JSSS (JavaScript Style Sheets) is a little known part of web history. What makes it so interesting is that is the primary reason behind Netscape 4's awful rendering of CSS.

JSSS was a W3C recommendation proposal cooked up by the Netscape development team. It was similar to CSS with a Javascript-style syntax. Exemple:

    <LINK REL=STYLESHEET TYPE="text/Javascript"
      HREF="http://style.com/cool" TITLE="Cool">
    <STYLE TYPE="text/javascript">
      tags.H1.color = "blue"
    <H1>Headline is blue</H1>
    <P STYLE="color = 'green'">While the paragraph is green.

</BODY> </HTML> The box model was also very similar. A major difference, however, is that JSSS wasn't just a presentational language like HTML or CSS but a programing language. For exemple, you might assign to an object's left margin the result of a function (object.leftMargin = functionresult()), a variable (object.leftMargin = x) or the result of an arithmetic operation (object.leftMargin = 1+1).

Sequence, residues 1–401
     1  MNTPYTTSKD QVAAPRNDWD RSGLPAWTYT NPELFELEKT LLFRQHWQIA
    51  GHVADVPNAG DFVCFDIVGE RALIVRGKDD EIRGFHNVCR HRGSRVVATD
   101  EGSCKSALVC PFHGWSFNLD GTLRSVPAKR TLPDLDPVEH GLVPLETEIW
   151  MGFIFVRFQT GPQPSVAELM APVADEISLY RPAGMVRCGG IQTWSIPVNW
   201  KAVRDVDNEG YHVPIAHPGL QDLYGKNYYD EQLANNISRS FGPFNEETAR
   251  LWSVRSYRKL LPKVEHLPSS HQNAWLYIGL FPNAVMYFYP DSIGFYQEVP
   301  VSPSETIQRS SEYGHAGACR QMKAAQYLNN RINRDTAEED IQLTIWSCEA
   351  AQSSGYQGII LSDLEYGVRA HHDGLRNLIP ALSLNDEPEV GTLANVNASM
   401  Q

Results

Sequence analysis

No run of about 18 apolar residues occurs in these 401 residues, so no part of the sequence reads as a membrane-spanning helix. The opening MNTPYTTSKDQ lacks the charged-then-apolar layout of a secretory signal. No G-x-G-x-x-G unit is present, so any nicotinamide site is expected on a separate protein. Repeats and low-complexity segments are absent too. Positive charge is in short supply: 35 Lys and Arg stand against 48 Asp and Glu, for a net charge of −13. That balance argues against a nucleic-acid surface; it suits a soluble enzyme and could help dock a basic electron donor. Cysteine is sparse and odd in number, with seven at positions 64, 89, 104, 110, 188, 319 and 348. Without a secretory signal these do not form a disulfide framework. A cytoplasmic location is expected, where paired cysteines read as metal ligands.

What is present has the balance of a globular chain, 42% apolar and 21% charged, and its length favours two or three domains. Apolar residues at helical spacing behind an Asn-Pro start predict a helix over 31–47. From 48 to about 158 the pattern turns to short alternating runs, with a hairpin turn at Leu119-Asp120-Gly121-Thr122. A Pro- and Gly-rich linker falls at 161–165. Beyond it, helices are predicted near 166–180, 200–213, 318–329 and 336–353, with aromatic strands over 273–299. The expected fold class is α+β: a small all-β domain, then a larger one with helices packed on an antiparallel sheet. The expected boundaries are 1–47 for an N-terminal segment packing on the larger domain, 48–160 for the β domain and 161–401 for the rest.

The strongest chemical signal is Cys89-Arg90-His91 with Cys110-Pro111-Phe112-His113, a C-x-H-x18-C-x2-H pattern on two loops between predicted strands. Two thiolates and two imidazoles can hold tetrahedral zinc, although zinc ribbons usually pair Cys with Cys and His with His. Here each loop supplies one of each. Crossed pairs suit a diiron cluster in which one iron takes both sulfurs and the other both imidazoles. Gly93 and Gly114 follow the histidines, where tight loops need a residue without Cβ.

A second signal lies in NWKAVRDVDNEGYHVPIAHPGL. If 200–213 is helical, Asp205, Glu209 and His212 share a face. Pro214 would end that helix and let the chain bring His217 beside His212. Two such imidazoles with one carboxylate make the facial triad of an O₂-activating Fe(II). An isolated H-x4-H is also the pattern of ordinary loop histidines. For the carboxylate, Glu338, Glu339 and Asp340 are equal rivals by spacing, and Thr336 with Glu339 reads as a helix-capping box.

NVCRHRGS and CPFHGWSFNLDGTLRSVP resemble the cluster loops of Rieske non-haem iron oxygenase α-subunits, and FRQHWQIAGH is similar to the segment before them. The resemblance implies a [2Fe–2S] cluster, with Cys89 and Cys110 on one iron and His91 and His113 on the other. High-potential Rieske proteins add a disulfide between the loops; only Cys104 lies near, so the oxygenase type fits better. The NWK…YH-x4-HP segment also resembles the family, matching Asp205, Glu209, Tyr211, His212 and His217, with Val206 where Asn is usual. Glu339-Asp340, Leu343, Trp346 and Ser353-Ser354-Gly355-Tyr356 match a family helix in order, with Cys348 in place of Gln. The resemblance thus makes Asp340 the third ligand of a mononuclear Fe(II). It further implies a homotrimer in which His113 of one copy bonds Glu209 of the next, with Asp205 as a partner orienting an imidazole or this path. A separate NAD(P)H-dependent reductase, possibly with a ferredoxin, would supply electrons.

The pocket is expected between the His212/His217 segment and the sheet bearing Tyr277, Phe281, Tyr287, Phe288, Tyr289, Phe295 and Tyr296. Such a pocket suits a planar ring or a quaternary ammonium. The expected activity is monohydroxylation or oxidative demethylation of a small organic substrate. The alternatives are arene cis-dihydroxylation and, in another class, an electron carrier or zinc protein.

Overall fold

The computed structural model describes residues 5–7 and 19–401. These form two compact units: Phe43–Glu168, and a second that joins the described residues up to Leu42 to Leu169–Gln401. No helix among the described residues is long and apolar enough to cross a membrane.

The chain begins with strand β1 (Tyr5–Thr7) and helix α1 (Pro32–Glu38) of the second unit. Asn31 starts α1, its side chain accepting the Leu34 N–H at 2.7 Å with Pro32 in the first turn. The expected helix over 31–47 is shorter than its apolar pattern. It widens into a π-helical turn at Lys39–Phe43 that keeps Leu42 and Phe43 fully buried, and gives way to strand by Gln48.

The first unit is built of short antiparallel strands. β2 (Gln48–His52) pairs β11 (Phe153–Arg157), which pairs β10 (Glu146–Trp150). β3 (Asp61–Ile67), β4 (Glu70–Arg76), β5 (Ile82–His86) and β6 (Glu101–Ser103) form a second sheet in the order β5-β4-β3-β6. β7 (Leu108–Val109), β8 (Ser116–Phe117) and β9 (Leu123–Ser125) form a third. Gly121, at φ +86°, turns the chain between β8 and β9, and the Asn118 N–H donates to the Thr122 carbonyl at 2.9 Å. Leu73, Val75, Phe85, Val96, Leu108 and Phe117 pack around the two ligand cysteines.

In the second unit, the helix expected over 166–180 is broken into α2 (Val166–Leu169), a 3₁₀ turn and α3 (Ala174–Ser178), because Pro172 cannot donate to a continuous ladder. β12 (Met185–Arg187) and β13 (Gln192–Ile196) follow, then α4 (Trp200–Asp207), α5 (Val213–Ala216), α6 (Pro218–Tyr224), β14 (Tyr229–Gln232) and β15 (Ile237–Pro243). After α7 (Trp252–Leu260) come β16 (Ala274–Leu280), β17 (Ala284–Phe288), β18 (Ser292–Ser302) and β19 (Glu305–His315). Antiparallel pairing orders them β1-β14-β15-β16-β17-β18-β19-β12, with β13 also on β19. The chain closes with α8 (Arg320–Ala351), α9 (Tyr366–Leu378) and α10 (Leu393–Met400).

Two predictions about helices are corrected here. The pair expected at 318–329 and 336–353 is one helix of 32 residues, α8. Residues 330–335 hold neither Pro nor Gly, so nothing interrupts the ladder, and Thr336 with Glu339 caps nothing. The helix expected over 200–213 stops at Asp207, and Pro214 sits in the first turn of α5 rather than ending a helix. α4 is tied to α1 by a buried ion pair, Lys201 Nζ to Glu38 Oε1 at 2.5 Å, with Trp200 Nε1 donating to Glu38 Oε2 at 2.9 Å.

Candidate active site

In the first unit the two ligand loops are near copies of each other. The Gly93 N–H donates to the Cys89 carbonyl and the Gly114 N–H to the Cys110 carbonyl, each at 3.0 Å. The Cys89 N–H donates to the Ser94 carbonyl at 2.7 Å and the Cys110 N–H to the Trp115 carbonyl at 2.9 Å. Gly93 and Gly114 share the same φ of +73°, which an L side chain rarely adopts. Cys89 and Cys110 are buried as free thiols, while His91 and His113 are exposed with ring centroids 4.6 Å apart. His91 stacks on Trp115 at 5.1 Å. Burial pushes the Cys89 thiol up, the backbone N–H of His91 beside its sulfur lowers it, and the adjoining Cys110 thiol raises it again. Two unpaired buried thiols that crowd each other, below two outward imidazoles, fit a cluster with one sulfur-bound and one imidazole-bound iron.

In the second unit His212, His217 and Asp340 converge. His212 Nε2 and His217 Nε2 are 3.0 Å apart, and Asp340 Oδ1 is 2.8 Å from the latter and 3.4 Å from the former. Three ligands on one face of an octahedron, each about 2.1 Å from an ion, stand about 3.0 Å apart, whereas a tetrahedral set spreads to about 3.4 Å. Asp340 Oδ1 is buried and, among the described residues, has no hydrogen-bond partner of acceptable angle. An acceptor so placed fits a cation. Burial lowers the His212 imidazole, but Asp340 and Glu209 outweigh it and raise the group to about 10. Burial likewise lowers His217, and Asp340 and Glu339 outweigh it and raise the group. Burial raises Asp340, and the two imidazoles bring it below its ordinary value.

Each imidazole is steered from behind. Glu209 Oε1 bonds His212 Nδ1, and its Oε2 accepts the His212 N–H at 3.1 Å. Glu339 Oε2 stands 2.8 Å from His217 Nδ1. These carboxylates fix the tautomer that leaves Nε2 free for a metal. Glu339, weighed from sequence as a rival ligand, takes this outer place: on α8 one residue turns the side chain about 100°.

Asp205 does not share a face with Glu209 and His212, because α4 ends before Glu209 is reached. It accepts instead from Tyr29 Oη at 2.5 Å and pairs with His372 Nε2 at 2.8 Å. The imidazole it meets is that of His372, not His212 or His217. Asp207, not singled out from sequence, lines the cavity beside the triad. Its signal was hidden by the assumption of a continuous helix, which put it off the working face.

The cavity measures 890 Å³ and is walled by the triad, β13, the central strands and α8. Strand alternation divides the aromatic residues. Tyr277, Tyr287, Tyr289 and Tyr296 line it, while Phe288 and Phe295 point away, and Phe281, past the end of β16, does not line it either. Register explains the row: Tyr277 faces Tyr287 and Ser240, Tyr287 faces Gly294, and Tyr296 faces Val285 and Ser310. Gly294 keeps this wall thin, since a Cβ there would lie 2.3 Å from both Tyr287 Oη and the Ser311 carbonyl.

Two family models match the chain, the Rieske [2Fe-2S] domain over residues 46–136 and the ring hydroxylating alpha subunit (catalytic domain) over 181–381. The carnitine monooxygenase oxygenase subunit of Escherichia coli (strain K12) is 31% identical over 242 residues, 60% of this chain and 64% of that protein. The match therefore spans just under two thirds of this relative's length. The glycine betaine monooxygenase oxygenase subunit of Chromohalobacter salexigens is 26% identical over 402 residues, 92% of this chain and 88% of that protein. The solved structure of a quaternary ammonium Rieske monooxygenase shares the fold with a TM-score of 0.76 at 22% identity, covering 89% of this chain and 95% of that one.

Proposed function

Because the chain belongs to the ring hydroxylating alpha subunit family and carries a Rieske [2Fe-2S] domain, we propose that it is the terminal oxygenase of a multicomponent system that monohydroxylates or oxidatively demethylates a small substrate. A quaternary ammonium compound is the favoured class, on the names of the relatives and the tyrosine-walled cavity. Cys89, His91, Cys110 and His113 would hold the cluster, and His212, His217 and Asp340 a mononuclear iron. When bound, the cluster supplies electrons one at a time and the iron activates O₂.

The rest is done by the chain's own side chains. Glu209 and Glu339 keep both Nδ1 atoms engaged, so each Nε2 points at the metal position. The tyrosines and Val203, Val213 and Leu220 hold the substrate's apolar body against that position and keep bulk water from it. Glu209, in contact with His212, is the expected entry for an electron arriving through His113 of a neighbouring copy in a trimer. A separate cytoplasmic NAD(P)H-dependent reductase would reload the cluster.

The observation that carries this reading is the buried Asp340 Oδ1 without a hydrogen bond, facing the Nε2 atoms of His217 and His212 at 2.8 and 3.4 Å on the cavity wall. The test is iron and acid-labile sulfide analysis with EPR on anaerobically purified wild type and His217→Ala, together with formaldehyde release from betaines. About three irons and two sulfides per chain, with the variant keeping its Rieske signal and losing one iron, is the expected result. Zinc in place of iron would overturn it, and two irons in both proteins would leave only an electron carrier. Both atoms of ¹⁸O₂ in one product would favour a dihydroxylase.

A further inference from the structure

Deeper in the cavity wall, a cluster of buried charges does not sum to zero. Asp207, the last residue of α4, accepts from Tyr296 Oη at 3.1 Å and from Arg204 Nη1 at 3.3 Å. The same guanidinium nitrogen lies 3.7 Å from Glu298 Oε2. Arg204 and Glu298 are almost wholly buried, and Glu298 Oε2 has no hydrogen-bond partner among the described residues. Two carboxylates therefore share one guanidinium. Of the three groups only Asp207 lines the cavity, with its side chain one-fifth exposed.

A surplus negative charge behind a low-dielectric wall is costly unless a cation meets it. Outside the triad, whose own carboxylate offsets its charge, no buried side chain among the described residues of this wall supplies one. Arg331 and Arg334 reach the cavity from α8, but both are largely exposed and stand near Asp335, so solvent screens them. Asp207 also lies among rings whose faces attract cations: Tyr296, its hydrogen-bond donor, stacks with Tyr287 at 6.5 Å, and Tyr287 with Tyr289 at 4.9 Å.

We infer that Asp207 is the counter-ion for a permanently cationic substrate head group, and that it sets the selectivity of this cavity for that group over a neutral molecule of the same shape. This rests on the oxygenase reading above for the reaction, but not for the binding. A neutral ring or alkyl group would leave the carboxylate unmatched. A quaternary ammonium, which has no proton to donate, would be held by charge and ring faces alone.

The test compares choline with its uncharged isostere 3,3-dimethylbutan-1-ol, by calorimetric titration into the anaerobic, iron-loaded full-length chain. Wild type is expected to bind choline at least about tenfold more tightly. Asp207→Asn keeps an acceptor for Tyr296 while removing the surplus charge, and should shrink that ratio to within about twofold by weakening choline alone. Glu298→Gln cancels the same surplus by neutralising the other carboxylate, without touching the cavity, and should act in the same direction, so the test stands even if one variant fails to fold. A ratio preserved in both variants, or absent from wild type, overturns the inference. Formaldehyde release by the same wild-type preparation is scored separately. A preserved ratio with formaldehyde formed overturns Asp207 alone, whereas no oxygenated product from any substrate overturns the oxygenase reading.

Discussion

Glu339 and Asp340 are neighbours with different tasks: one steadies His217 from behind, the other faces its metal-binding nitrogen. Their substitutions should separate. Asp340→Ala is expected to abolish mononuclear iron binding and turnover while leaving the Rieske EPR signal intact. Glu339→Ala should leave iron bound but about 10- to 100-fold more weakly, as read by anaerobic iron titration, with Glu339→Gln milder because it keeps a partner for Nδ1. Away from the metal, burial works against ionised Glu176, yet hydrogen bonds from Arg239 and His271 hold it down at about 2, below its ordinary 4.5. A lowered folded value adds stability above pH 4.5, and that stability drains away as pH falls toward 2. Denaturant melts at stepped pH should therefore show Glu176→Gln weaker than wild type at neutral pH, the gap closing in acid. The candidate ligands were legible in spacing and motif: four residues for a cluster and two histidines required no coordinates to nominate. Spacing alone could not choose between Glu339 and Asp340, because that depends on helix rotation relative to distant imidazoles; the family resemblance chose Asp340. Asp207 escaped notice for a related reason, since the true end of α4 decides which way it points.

Even though the programing function would have been nice, the proposal was overall weaker than CSS and so was rejected in favor of the latter. However, by the time it was rejected (late 1996), JSSS had been largely implemented into Netscape 4... which was due early 1997. The developpers, in a hurry, simply mapped all CSS properties to a similar JSSS property - if there was a direct translation possible. However, the box models, for all their similarity, still had some differences that can make it all fall apart sometimes. JSSS didn't support inheritance, either. Anyway, the whole translation was done hastily and was largely a mess - but you knew that already ;).

A thing that might interest some of you is that JSSS is apparently present in Netscape 4.x. If you want to try it, the JSSS proposal can be found at http://www.w3.org/Submission/1996/1/WD-jsss-960822.html. You'll note, however, that it doesn't appear to be quite complete and some parts could have been explained much better. Anyway, if you want to tinker, give it a go!

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